The decoupling stage SOUT is similar to the other stages S1'-S4', comprising N-channel MOSFETs M7 and M8 and a boost capacitor C3 driven by signal A'. The bulk terminal BU of MOSFETs M7 and M8 is connected to the output terminal O of the charge pump.
The bias voltage generator 8 comprises a voltage divider formed by four diode-connected N-channel MOSFETs M3-M6, having the structure shown in FIG. 3, connected in series between the output terminal O of the charge pump and ground. Bias voltages E, F and G are derived from intermediate nodes between MOSFETs M3 and M4, M4 and M5 and M5 and M6; thus, voltages E, F and G are progressively more negative. The bulk terminals BU of MOSFETs M3-M6 are short-circuited to the respective source terminals of the transistors.
The N-well terminals NW of MOSFETs M1' and M2' of the stages of the charge pump, as well as the N-well terminals of the MOSFETs M3-M6 of the bias voltage generator 8, could be directly connected to the positive voltage supply VDD. In this way, it would be assured that the junctions between the N type wells 2 and the P type substrate 1 are reverse biased and that the P type wells 3 wherein the MOSFETs are formed are electrically isolated from the substrate. However, it is preferable that the N-type well terminals NW of the MOSFETs whose P-type well is biased at negative voltages which are rather high in absolute value are biased at ground, to reduce electrical stresses. To this purpose, the N-type well terminals NW of MOSFETs M1' and M2' in stages S2' to S4', and M7 and M8 in SOUT, and the N-type well terminals NW of MOSFETs M4 and M3 in the bias voltage generator 8 are connected to a voltage VB which is switchable between the voltage supply VDD and ground. In operation, voltage VB will be kept at VDD as long as the output voltage O is low in absolute value, and is then switched to ground when the negative voltage O becomes high (in absolute value).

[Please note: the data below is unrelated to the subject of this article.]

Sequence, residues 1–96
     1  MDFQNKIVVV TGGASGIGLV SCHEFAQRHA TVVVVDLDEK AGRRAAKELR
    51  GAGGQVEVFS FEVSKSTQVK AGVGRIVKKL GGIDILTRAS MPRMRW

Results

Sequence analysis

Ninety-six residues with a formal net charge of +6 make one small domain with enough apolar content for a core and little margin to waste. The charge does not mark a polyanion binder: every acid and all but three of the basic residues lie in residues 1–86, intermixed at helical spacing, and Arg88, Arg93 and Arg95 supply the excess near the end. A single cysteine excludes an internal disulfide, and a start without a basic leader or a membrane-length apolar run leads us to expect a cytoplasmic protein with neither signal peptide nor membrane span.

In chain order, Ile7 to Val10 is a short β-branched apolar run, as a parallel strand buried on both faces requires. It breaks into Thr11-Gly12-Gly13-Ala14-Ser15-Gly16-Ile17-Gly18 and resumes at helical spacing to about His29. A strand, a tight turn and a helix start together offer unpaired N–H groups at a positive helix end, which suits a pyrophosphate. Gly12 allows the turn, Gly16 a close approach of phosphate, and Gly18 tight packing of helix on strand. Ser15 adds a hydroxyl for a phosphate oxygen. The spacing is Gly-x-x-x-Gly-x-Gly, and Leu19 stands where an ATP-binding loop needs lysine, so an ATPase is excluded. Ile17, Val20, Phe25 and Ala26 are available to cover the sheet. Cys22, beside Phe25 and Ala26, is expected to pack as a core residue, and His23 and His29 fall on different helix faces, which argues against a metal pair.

The operation of the circuit is the following.
When signal D' switches from "0" to "1" (i.e., from ground to VDD), the potential of the output terminal SO of stage S4' raises. Since signal B' is still at VDD, the potential of the output node SO of stage S3' is high, so that M2' in stage S4' is on; CP can thus charge (signal C' is still at ground). When signal B' switches from VDD to ground, M2' in stage S4' turns off; when signal C' switches to VDD, the gate voltage of M1' in stage S4' is boosted to a high value, and the potentials of the stage output terminal SO of stage S4' and of the stage output terminal SO of stage S3' are equalized by means of charge transfer from capacitor CL in stage S4' to capacitor CL in stage S3'. Then, M1' in stage S4' is turned off by switching of signal C' from VDD to ground. In this way, a positive charge has been transferred from capacitor CL in stage S4' to capacitor CL in stage S3'. In a similar way, a transfer of positive charge takes place from capacitor CL in one stage to capacitor CL in the left-hand adjacent stage, and finally to ground, so that the stage output terminal SO of the stage S4' acquires a negative potential. Stage SOUT decouples the output terminal O from the stage output terminal SO of stage S4'; the potential of node O will be approximately constant not affected by ripples present at the output SO of stage S4'.
It is to be observed that signals A', B', C' and D' are properly disoverlapped. In fact, signal C' cannot switch from ground to VDD before signal B' has switched from VDD to ground and signal D' has switched from ground to VDD; this is necessary to prevent a positive charge flow taking place from the left-hand to the right-hand stages of the charge pump; for similar reasons, signal C' must switch to ground before signal B' has switched to VDD and signal D' has switched to ground.